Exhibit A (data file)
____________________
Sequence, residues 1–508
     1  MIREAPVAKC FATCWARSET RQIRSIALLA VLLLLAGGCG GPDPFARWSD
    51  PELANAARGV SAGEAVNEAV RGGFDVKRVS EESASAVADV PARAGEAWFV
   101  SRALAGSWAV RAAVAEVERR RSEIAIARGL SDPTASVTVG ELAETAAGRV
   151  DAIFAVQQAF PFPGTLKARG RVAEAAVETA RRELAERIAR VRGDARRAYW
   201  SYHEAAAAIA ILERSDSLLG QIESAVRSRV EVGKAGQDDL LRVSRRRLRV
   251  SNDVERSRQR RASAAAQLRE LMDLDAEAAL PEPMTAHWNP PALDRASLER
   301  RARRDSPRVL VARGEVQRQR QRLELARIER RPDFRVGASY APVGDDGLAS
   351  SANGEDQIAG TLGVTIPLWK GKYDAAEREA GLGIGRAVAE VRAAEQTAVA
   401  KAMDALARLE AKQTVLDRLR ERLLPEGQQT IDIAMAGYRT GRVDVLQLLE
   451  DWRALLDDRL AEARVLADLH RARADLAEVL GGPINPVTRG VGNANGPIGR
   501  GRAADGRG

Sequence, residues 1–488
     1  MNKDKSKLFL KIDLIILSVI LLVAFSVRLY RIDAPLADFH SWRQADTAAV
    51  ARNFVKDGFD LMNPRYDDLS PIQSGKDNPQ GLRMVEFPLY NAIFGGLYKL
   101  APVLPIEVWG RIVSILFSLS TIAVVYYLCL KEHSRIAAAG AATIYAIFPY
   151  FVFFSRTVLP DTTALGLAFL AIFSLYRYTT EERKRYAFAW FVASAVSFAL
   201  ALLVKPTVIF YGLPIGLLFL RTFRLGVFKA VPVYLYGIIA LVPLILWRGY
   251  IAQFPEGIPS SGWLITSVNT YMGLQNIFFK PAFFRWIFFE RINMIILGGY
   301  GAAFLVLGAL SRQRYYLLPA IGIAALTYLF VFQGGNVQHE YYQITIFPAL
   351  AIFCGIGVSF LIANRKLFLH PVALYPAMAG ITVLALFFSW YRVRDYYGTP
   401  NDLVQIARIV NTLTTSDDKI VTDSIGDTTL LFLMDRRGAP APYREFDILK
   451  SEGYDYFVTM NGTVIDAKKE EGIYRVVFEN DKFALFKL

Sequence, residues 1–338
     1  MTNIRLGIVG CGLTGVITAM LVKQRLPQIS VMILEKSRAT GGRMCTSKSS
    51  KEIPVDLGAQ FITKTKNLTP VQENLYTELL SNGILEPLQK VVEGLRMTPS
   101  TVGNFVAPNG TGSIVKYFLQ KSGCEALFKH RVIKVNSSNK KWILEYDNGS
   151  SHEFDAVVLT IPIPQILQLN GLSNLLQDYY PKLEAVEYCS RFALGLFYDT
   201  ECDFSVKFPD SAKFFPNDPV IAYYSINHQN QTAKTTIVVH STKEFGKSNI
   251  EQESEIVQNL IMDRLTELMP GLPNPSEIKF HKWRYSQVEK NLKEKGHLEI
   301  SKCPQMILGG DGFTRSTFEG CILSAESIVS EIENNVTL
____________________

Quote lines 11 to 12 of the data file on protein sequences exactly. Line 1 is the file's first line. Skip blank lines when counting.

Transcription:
   451  DWRALLDDRL AEARVLADLH RARADLAEVL GGPINPVTRG VGNANGPIGR
   501  GRAADGRG